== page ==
How does the Dairy Beef Index work?
The Dairy Beef Index (DBI) is a breeding goal for Irish dairy and beef farmers to promote high-quality beef cattle bred from the dairy herd that are more saleable as calves and profitable at slaughter.
The DBI ranks beef bulls – for use in the dairy herd – according to their genetic merit for a range of calving performance and carcass performance traits.
On the latest episode of [email protected], Teagasc’s Pearse Kelly sat down with the Irish Cattle Breeding Federation’s (ICBF’s) Siobhan Ring to find out more about the index.
What is the DBI?
The DBI is a tool for dairy and beef farmers to help promote quality beef from the dairy herd.
Its aim is to give the dairy farmer what he/she wants in terms of easy calving and short gestation, and also give the beef farmers what they want – increased carcass weight and better confirmation.
What are the traits that go into the DBI?
There’s a 50:50 split in the traits that are important to the dairy farmer and to the beef farmer. On the dairy side of the house, we have gestation length – so were looking at short gestation and easy calving and less calf mortality.
When it comes to the beef side of the house, we’re looking at higher carcass weight and more carcasses that will hit factory specifications for carcass weight and conformation; we’re also looking at animals that require less feed to finish and are also docile.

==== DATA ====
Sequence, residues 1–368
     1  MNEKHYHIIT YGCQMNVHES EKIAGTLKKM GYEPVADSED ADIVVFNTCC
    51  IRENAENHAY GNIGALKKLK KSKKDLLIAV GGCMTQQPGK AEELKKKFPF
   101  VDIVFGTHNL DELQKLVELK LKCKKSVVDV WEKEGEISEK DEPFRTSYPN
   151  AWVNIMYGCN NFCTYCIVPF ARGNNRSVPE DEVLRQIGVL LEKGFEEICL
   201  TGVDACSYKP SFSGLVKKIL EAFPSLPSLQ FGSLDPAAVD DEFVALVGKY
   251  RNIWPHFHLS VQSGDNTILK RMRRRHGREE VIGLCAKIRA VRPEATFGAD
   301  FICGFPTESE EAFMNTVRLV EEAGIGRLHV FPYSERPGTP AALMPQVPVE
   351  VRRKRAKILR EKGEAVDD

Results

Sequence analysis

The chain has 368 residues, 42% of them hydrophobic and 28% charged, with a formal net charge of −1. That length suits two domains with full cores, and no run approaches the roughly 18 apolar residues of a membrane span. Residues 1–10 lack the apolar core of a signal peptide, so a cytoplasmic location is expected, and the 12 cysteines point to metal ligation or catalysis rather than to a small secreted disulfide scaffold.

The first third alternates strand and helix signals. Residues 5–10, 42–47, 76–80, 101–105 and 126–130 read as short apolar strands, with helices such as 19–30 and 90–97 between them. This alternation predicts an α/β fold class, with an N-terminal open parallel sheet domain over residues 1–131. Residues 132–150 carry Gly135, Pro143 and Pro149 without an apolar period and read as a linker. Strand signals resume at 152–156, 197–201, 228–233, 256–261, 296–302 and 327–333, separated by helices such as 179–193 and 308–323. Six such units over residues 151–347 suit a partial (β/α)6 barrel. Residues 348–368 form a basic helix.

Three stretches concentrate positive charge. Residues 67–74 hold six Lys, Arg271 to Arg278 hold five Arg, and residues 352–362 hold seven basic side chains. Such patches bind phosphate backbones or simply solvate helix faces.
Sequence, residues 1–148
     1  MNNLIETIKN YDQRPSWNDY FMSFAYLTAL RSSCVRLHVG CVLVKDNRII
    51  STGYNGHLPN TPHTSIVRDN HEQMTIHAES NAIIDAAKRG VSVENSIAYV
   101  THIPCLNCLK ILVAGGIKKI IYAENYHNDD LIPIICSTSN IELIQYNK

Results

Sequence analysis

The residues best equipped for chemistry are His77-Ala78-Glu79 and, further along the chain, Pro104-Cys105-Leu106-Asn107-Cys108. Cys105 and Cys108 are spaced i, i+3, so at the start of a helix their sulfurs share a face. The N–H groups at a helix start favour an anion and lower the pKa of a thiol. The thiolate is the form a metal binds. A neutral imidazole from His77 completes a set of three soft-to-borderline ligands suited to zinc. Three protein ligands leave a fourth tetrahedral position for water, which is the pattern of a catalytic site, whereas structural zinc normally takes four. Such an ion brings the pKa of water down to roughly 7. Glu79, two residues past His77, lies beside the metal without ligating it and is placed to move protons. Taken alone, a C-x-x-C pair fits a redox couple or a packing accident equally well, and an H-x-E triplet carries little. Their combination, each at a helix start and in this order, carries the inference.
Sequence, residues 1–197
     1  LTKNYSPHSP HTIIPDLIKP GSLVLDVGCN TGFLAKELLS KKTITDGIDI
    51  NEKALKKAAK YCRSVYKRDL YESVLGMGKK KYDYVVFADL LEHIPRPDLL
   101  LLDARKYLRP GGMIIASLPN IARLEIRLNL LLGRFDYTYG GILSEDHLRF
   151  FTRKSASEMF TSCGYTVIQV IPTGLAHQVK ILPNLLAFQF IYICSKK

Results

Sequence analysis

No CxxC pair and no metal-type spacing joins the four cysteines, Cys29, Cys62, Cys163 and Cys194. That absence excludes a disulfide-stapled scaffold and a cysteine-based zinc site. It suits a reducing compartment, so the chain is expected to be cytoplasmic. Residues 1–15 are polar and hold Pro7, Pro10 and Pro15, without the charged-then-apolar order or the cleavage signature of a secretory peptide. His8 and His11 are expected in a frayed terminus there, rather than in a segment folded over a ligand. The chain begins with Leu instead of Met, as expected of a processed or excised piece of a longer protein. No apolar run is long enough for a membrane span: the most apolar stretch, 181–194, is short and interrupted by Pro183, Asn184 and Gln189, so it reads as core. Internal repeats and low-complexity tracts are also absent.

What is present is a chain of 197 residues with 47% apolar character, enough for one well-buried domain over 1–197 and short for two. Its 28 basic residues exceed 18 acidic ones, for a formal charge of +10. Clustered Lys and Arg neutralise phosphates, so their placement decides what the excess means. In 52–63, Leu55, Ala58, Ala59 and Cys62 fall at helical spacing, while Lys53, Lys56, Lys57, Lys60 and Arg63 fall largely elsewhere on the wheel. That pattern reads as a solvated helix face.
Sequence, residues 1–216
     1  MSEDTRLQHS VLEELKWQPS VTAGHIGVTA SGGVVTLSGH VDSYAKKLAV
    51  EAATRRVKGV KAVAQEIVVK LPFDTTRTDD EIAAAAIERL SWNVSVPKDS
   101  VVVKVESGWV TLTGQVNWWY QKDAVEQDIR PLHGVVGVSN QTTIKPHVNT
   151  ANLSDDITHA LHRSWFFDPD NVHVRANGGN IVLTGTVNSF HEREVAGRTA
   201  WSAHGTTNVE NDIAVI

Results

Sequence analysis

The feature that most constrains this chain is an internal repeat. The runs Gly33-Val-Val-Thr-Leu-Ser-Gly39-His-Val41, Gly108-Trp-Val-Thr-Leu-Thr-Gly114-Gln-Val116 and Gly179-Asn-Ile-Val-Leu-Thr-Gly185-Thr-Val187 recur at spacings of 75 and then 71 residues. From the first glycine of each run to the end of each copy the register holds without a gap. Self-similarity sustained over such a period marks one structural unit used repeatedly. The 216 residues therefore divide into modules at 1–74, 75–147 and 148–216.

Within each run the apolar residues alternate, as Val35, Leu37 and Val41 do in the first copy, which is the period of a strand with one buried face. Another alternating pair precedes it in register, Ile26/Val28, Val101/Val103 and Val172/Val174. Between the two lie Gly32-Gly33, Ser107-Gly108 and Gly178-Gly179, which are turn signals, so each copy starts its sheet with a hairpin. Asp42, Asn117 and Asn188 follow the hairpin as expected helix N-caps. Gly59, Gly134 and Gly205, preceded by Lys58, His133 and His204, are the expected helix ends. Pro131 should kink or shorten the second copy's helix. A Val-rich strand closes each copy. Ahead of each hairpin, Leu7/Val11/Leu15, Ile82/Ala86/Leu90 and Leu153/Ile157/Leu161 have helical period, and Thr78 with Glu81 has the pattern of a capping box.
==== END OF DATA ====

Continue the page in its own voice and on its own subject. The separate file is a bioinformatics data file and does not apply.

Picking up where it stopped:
What are the traits that are of most interest for beef farmers?
What we have done is we have split the dairy and beef up into two individual sub indexes. And a very quick guide for a beef farmer is to look at the value of beef sub-index.
That’s a euro value and the higher the euro value the more profit expected from this progeny. The key traits that are in there are carcass weight, conformation, fat and feed intake; the higher the euro value the better.
In terms of carcass weights what kind of range are we seeing between bulls?
If you look at the Active Bull List and look at bulls that have progeny on the ground – the top bulls – the average of these bulls is a 10kg PTA value – and that ranges from -8kg up to 40kg.
And, you have a huge range in breeds as well, with 12 breeds on the list. So, there’s no shortage of options to try.
Why would dairy farmers use the DBI?
Traditionally, dairy farmers have been focusing on easy calving and short gestation, but we need to look at the bigger picture – where are these animals are going to go and are you going to have a market for these calves?
When you select on one or two traits, if you only focus on those, there is the potential that the carcass quality of these animals will deteriorate.
What we have done is combined all the traits that are important for future dairy-beef systems to rank bulls that should be promoted in that system.
In terms of calf price, farmers are able to get calves sold off the farm and get value for those calves. If you are promoting better-quality carcasses, there will be demand for them.
Is there any difference between the indexes on the DBI for stock bulls versus AI sires?
If you take an AI bull – that has a DBI of €100 and stock bull at €100, the value of their progeny should be the same.
But, where you do see the difference is when it come to the reliability of the data that’s feeding into these animals.
Often, a stockbull may only have five or six progeny in one herd, where as an AI bull could 2,000 progeny across 200 herds. Obviously, the number of records feeding into the ICBF database is a lot larger for the AI bull.
So, we’re happier that his figures will stand up over time when these animals are slaughtered.